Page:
“The Dutch electorate in general is growing tired of its traditional leaders, which is apparent in the wildly divergent election results of the last 10 or 15 years,” de Jong said of a country once the synonym of political stability for much part in the form of so-called “purple coalition” governments of Christian and social democrats.

PVV’s victory also has symbolic content emblematic of the gradual transformation of the Netherlands, a former colonial nation long seen as a bastion of tolerance and liberal values by account of its soft policy on drugs and prostitution and decades of open-door policy on immigration.

“Wilders’s message of cultural nationalism and protectionism appeals to vague but broad concerns in Dutch society, not only in the working class but also in middle-class areas and cities, like Almere,” de Jong said.

Nicknamed Mozart or Captain Peroxide for his trademark platinum-dyed hairdo, Wilders is in many ways the political heir to conservative populist Pim Fortuyn. Fortuyn, who was gunned down by a deranged animal rights activist in 2002, was the first politician to challenge the orthodoxy of the Dutch political establishment, which he liked to scoff as the “left-wing church.”

Less charismatic than the over-the-top Fortuyn, Wilders also likes to take shots at the multiculturalist model, once the sacred cow of Holland’s consensus politics. The country’s mainstream parties, long in denial of the simmering tension, failed to address popular discontent with the hard-to-integrate chunk of the nation’s so-called “allochtonen” or foreigners – tension which burst into the open following the violent murder in 2004 of eccentric filmmaker Theo van Gogh by an Islamic radical.

That someone could be killed for speaking his mind, even if that meant mocking an alien religion, was an unprecedented shock for the Dutch. If you want to live here, the new motto goes, you have to live by our values.

“Society may be becoming less tolerant of minority eccentricities, especially of religious ones. There’s always been a strong Dutch urge to ‘act normal’ – meaning ‘like one of us’ – which has gained momentum in recent years due to the uncertainties of globalization and immigration,” de Jong said.

Holland is in many ways at the frontline of a pan-European populist reaction against the established political elites, which are being blamed for allowing mass immigration and, particularly, the Islamisation of European societies. At the same time, de Jong points out, Wilders, who started out as a punk youth in the early 80s, is “typically Dutch in his bluntness,” like in his proposal of a “kopvodden-tax,” a tax on headscarves that literally translates as a “head-rag tax.”

“My supporters say: ‘At last there is someone who dares to say what millions of people think.’ That is what I do,” Wilders has said echoing Fortuyn’s famous mantra: “I say what I think and I do as I say.”

Then again, de Jong remarks, many of his followers consider Wilders too extreme, certainly for Dutch tastes. “They voted for him primarily because they wanted to send a signal to the government: We’re concerned about where this society is going and we want you to take us seriously,” he said.

The idea of a disgruntled but silent majority bound by political correctness does not go down well with many analysts.

“This is not how populism works. It’s the other way round. I think Wilders tells people what to think. He exploits people’s fears. Populist parties actually shape people’s views,” said Andre Krouwel, professor of political science at Amsterdam’s Vrije University.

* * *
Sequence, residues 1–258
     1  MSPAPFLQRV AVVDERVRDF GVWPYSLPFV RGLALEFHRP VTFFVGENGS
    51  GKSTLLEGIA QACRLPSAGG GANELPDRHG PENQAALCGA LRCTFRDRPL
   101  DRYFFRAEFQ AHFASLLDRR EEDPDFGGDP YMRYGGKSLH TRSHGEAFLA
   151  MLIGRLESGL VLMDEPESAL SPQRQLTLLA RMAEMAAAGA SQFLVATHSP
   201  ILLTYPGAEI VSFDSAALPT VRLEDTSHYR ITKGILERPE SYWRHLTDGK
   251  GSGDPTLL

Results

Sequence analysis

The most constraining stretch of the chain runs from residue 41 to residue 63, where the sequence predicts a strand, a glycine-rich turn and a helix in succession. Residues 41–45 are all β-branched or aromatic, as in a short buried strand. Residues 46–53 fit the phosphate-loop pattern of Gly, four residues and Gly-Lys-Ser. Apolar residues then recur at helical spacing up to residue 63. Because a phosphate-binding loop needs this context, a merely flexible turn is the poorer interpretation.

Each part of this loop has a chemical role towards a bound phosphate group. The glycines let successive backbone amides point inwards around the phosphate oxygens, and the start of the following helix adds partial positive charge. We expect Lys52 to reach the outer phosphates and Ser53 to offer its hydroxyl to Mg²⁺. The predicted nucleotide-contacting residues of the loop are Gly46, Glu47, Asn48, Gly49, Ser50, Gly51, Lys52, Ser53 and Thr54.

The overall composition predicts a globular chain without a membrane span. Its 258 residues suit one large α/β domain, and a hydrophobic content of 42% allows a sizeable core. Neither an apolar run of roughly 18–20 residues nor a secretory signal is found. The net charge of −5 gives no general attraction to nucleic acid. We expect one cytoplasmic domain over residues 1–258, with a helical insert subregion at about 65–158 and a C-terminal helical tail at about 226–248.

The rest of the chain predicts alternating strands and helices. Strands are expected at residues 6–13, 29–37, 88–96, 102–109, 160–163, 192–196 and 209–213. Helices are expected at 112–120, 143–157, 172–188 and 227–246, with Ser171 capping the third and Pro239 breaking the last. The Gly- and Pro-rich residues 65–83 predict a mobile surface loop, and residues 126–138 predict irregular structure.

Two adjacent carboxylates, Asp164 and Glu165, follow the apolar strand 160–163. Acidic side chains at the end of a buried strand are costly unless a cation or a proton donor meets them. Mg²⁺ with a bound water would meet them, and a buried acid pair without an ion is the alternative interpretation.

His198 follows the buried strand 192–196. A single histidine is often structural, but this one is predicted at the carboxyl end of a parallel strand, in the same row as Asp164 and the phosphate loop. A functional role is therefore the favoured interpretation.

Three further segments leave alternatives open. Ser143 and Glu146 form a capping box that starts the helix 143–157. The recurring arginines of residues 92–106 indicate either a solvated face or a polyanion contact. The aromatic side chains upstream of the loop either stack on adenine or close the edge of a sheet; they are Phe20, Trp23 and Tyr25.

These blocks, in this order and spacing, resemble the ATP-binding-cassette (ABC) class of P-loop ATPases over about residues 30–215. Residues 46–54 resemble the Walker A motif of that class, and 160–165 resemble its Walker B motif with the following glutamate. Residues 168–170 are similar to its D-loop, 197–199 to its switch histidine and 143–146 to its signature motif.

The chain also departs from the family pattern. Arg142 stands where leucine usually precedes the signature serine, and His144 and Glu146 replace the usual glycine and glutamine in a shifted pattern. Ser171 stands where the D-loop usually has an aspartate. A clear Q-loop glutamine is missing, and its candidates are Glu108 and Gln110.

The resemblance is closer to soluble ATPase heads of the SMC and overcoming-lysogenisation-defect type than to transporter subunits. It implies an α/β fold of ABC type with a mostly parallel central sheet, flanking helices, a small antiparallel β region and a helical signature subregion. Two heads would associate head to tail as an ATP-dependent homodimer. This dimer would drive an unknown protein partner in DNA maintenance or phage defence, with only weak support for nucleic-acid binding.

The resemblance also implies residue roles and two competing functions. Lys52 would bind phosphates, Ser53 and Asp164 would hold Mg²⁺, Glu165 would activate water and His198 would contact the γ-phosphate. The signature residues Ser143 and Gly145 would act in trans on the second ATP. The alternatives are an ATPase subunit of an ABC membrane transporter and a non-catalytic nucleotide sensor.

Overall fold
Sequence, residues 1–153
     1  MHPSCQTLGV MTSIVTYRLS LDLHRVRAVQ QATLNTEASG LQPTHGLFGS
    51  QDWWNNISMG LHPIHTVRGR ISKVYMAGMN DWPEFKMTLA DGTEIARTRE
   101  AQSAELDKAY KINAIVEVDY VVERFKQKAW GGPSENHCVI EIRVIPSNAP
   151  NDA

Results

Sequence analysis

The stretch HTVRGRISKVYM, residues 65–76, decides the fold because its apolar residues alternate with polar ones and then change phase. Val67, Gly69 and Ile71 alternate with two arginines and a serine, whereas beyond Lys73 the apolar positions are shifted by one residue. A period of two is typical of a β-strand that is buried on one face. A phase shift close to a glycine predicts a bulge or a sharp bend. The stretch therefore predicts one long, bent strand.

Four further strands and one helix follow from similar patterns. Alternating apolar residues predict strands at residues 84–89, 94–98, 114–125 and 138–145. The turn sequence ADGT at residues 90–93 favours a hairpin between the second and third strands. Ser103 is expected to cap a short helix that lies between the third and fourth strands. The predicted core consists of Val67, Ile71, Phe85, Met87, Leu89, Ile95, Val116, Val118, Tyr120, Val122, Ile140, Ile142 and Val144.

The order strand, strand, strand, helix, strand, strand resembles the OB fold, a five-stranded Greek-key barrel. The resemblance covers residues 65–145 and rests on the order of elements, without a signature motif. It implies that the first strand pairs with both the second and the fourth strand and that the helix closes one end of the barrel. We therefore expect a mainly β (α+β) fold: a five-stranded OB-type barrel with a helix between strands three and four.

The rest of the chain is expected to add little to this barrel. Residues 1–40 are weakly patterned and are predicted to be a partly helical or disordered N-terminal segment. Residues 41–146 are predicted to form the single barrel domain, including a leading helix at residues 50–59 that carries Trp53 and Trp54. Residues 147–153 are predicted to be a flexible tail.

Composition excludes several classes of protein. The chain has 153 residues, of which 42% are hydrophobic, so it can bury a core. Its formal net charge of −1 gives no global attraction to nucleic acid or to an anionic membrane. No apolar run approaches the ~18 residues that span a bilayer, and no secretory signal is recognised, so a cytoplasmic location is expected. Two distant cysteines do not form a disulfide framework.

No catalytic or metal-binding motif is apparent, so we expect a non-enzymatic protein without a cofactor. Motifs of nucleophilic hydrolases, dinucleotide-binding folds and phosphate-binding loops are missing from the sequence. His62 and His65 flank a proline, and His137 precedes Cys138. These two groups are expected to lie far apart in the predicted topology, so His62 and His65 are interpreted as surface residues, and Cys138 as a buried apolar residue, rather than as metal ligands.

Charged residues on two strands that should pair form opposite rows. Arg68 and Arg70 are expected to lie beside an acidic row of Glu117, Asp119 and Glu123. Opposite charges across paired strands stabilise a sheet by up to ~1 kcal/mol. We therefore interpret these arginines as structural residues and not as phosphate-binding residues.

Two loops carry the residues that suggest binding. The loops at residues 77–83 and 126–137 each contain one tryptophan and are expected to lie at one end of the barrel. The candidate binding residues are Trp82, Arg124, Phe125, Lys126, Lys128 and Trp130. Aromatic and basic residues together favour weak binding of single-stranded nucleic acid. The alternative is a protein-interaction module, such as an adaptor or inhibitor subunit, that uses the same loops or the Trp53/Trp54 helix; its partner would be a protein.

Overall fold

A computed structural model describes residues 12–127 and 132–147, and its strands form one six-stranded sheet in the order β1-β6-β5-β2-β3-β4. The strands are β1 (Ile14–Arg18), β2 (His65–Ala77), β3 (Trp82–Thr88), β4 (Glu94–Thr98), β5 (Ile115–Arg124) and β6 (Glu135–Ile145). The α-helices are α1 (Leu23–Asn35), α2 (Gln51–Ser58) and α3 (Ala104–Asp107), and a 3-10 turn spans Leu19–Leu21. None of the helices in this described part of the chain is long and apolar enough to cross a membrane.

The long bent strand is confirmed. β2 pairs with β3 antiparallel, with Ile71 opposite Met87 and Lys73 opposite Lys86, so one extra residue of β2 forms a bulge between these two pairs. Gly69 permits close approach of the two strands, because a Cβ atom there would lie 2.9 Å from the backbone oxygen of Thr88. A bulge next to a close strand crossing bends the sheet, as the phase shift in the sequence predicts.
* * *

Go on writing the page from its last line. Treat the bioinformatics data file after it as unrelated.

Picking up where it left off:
Reality, political expediency or, perhaps, both have pushed Dutch governments away from the live-and-let-live approach on immigration in favor of a tougher, assimilation-oriented policy. Newcomers must now take social integration courses and pass a language test within five years after arrival or risk deportation from the Netherlands, where 6 percent of the population of 16 million are Muslim.

That won’t do for Wilders, who has said he wants a ban on headscarves for civil servants, a halt on migration from Muslim countries and a moratorium on the construction of mosques in a bid to “stop the Islamisation of the Netherlands,” which he considers a threat to freedom. “Fitna,” an anti-Islamic short movie/manifesto made by Wilders, equates Islam with Nazism.

“Wilders has a simple explanation for everything. Migrants are to blame for everything, so if you stop migration, the problems will disappear,” Krouwel said.

Although most studies show that school-dropout, unemployment and crime rates are higher among immigrants, Krouwel said, the problems should be associated with income levels, not religion.

“What Wilders does is replace a social explanation with a religious, cultural one,” he said.

Wilders’s powerful PR machine and populist tactics have certainly helped him but so has the messy political situation. The Dutch government collapsed last month after the Labor Party, the junior partner in the coalition of Christian and social democrats, refused to extend the stay of 2,000 Dutch troops in Afghanistan whose mandate ends in August. Polls ahead of the June election predict an unusually fragmented distribution of power but also a doubling of the PVV’s electoral power to 27 seats, which would make it the second biggest party and potential kingmaker.

De Jong, an experienced journalist and author, is not too pessimistic about the Wilders effect. “His party, if successful in the general elections, will meet with opposition from the established parties but also from labor unions and employers who worry about possible negative effects of his success on the Dutch economy, for instance on exports to Islamic countries,” he said.

“But of course, he will be a force to be reckoned with and one that can certainly influence the course of Dutch politics, even from the opposition.”